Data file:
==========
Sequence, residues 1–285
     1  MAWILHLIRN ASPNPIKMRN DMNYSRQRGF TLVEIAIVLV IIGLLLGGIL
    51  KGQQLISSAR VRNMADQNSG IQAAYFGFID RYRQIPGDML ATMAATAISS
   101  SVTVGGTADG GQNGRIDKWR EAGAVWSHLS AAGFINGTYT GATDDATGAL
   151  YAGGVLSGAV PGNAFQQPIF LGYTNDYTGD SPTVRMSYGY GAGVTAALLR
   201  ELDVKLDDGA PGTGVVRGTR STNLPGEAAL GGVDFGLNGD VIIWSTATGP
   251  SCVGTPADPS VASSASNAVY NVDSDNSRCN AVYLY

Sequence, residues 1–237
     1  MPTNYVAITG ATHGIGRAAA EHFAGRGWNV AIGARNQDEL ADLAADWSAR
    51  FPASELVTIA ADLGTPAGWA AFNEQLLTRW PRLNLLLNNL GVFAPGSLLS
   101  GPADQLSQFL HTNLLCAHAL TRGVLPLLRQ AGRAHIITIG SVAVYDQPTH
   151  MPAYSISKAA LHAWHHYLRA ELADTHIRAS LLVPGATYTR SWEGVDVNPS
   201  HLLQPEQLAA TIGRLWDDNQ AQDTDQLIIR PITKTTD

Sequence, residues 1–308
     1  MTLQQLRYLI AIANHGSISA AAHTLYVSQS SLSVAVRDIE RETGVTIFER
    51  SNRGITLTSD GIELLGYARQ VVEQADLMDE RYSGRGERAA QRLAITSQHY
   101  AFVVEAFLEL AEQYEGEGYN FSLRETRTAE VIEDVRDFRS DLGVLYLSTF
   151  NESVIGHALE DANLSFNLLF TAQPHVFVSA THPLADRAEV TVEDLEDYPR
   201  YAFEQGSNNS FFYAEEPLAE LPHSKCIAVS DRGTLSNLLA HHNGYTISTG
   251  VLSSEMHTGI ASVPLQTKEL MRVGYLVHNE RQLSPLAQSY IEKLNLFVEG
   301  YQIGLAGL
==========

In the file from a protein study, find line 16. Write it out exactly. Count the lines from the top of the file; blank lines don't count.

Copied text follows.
    51  SNRGITLTSD GIELLGYARQ VVEQADLMDE RYSGRGERAA QRLAITSQHY